“If we remove some of the hardware, how will we affect the distribution of key species?” Dr Jo Porter
The oil in Scotland’s North Sea has become the target of environmentalists over recent years. Decommissioning of rigs and structures – now literally on their last legs – is producing both opportunities and controversy.
An industry, which brought huge riches to the UK Treasury, the saviour of the UK economy, is providing an exciting area of research into marine life and how removing the structures may affect the creatures which have created a habitat on them.
The base and legs of oil and gas platforms, subsea pipelines and offshore wind farms have become home to different species over the years, like mussels, barnacles, amphipods and anemones.
Marine scientists from Heriot-Watt’s International Centre for Island Technology in Stromness, Orkney are working with scientists from around the UK to investigate the marine life connected to the rigs, pipelines and other infrastructure in the North Sea.
The Orkney team wants to understand whether and how the species that have colonised these man-made structures are connected across the northern North Sea.
Dr Jo Porter, project lead and marine scientist at Heriot-Watt’s ICIT, said:
“We want to understand what could happen to the North Sea ecosystem if oil rigs are decommissioned, or offshore wind farms are installed.
“We’ll start by looking at the distribution of creatures like mussels and barnacles, which thrive on hard substrates around rigs and other infrastructure, and integrate that with our knowledge of their life cycles.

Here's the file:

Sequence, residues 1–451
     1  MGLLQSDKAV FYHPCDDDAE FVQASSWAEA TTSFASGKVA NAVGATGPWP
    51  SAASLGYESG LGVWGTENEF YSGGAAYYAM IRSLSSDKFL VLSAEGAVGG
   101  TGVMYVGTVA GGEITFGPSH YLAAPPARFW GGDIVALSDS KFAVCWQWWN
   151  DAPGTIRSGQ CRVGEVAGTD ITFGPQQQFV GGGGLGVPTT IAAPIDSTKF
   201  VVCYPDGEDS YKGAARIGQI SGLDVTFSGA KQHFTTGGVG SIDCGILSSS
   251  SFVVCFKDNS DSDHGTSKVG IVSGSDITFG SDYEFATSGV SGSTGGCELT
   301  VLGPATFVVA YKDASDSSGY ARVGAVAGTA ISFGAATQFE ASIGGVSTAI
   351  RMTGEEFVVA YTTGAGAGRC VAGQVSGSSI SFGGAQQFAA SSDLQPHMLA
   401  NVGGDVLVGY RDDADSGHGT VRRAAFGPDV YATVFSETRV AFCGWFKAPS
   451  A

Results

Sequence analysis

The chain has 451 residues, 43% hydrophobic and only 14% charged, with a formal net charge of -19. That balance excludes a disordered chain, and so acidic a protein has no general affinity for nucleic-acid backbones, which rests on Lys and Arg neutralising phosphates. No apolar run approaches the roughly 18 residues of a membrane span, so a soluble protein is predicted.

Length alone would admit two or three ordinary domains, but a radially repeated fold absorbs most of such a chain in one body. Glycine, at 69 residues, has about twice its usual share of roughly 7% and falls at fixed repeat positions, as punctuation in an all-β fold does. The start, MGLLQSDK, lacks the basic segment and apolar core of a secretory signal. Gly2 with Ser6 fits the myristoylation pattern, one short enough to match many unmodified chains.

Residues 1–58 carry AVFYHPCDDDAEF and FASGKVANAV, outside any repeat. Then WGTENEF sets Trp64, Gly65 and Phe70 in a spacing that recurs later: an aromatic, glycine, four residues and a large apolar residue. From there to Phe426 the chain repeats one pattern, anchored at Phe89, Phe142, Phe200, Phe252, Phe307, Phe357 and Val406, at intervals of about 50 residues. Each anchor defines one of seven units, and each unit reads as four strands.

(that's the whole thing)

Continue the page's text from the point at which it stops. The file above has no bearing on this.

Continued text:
“For example, we want to know if there are mussels growing on one rig, how far do their larvae travel and where do they end up?
“When there are habitats close together they can act as a stepping stone for non-native species to set up shop and thrive.
“If we create many more habitats in the North Sea through more infrastructure, how might this contribute to the spread of non-native species?
“If we remove some of the hardware, how will we affect the distribution of key species?”
The team will use data from the INSITE project for the first part of the research, and then deploy specialist kit to areas around rigs and infrastructure in the northern North Sea to start surveying the marine animals.
Dr Andrew Want, a marine ecologist at the ICIT, said:
“We have designed a sampling system specifically for long-term survival in harsh marine environments; we’ve already used them successfully in partnership with the European Marine Energy Centre in Orkney at their high wave and rapid tidal flow test sites.
“This system will be adapted for placement in several locations in the northern North Sea with deployment planned for March 2021. We will choose the locations based on environmental conditions like currents, water depth and seabed type.
“The sampling system allows us to place a series of panels, made of different materials most relevant to offshore industries. These provide a settlement surface for the larvae of animals that colonise offshore structures. This system is deployed to a chosen depth and retrieved regularly to collect samples.
“We’re coming to the end of the fossil fuel lifespan and about to use the North Sea for a different type of energy.
“This project will provide vital evidence which may be used to guide decision-making concerning decommissioning of oil and gas rigs or placement of additional renewable energy infrastructure in the North Sea.”
The Connectivity of Hard Substrate Assemblages in the North Sea (CHASANS) project is one of seven proposals funded in the second round of the Natural Environment Research Council (NERC) ‘Influence of Manmade Structures in the Ecosystem’ (INSITE) programme.
Partners include Hull University, National Oceanographic Centre, the Natural History Museum and Aberdeen University, the European Marine Energy Centre, Aquatera Ltd, Marine Scotland Science, Joint Nature Conservation Committee and the International Maritime Organisation.